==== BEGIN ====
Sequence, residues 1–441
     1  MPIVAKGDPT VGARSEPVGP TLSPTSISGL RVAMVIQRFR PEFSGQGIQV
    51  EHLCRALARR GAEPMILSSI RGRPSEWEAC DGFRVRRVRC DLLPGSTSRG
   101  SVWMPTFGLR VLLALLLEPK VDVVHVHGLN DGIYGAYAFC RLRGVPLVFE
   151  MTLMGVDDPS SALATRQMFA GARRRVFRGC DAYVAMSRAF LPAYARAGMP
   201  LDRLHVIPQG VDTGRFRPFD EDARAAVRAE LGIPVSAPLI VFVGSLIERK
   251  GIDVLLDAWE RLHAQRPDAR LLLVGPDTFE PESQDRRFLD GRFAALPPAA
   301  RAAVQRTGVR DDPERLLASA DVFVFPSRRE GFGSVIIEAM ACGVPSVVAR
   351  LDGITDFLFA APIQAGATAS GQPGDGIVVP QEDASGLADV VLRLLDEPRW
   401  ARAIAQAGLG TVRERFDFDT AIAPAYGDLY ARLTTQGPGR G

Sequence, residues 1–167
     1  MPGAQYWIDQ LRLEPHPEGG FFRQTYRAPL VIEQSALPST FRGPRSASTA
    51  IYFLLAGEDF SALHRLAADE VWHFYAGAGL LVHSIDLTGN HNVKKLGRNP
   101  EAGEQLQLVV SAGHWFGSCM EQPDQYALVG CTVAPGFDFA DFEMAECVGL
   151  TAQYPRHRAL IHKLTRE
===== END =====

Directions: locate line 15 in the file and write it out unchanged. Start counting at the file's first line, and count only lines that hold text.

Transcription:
   151  TAQYPRHRAL IHKLTRE